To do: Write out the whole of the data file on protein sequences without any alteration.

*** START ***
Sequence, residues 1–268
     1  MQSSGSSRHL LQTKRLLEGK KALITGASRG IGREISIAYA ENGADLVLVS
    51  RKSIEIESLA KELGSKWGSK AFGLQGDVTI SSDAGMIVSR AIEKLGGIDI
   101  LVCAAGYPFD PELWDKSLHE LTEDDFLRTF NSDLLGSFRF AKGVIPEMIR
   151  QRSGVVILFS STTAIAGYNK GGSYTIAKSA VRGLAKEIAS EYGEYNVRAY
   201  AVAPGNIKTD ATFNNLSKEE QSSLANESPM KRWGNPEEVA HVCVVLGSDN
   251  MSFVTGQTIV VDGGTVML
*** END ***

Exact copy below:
Sequence, residues 1–268
     1  MQSSGSSRHL LQTKRLLEGK KALITGASRG IGREISIAYA ENGADLVLVS
    51  RKSIEIESLA KELGSKWGSK AFGLQGDVTI SSDAGMIVSR AIEKLGGIDI
   101  LVCAAGYPFD PELWDKSLHE LTEDDFLRTF NSDLLGSFRF AKGVIPEMIR
   151  QRSGVVILFS STTAIAGYNK GGSYTIAKSA VRGLAKEIAS EYGEYNVRAY
   201  AVAPGNIKTD ATFNNLSKEE QSSLANESPM KRWGNPEEVA HVCVVLGSDN
   251  MSFVTGQTIV VDGGTVML